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Retirement Planning > Spending in Retirement > Income Planning

Here’s How Much Americans Think They’ll Need for a Comfortable Retirement

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What You Need to Know

  • According to a Northwestern Mutual report, U.S. adults think they will need $1.25 million to retire comfortably.
  • Americans expect to work until age 64 on average, but working with a financial advisor can help lower that number.
  • Just 11% plan to delay claiming Social Security benefits.

Another new study suggests that most Americans are falling behind on saving for retirement.

According to a Northwestern Mutual report released Tuesday, U.S. adults think they will need $1.25 million to retire comfortably, a 20% rise from 2021. Yet Americans’ average retirement savings have dropped by 11% from last year to $86,869.

“It’s a period of uncertainty for many people, driven largely by rising inflation and volatility in the markets,” Christian Mitchell, chief customer officer at Northwestern Mutual, said in a statement. “We’ve also seen upticks in spending year-over-year not only as a result of inflation, but also as people have resumed a sense of normalcy in their lives following the earlier days of the pandemic.”

As a result, Mitchell said, many people are recalibrating their thinking about how much they will need to retire and how long it will take them to get there.

The Harris Poll conducted an online survey on behalf of Northwestern Mutual in February among 2,381 American adults.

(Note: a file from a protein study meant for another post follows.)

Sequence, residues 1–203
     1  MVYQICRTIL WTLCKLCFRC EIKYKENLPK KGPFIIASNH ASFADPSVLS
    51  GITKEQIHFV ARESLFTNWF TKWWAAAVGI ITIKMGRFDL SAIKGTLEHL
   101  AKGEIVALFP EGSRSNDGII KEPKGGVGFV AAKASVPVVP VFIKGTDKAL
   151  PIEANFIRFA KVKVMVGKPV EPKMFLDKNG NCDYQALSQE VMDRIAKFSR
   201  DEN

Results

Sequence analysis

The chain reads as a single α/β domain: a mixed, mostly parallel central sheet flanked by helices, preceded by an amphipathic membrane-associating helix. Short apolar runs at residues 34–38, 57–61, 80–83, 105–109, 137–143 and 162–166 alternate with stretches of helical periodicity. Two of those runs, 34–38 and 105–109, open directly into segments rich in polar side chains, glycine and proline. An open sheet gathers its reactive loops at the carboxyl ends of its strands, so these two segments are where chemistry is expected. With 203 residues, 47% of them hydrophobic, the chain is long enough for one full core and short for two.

The survey found low confidence among respondents about their retirement preparedness, and not much faith in Social Security as a backstop. Forty-three percent said they do not expect to be financially ready for retirement when the time comes. And 45% said they can imagine a time when Social Security no longer exists.

At the same time, one-third of those surveyed expect to live to 100, and an equal third said there is a better than 50% chance they may outlive their savings. But 36% reported that they have not proactively addressed this concern.

Working Longer Before Retirement

Americans on average plan to work until age 64, up from 62.6 last year, according to the study. It also found that working with an advisor can reduce the anticipated retirement age to 61, and for disciplined planners to 62.

“It’s one of those questions on so many people’s minds — how long should I expect to work in order to save enough for retirement?” Mitchell said. “It’s really difficult to answer because there are all kinds of considerations to factor in. But too many people grapple with it in a bubble.”

He said professional advice can provide clarity and help ensure a more confident decision. When asked about how the pandemic has affected their retirement timelines, 25% of participants said they plan to retire later than they had anticipated. The main reason, cited by 59%, was a desire to work and save money.

Fifteen percent said they plan to retire earlier than expected, with 44% explaining that they want to spend more time with family and loved ones.

Other recent research found that most older working Americans know they can receive higher Social Security benefits if they wait until age 70, but only 11% plan to do so.

Finally, the Northwestern Mutual study uncovered data about what Americans value in their work lives: 60% of adults prioritize personal fulfillment over salary, and 40% income potential in their careers.

“This is a really fascinating finding and one that advisors should take note of as they work with their clients,” Mitchell said. “What people prioritize goes well beyond their bottom lines. The best advisors understand their clients’ values and motivations, not just their financial situations.”


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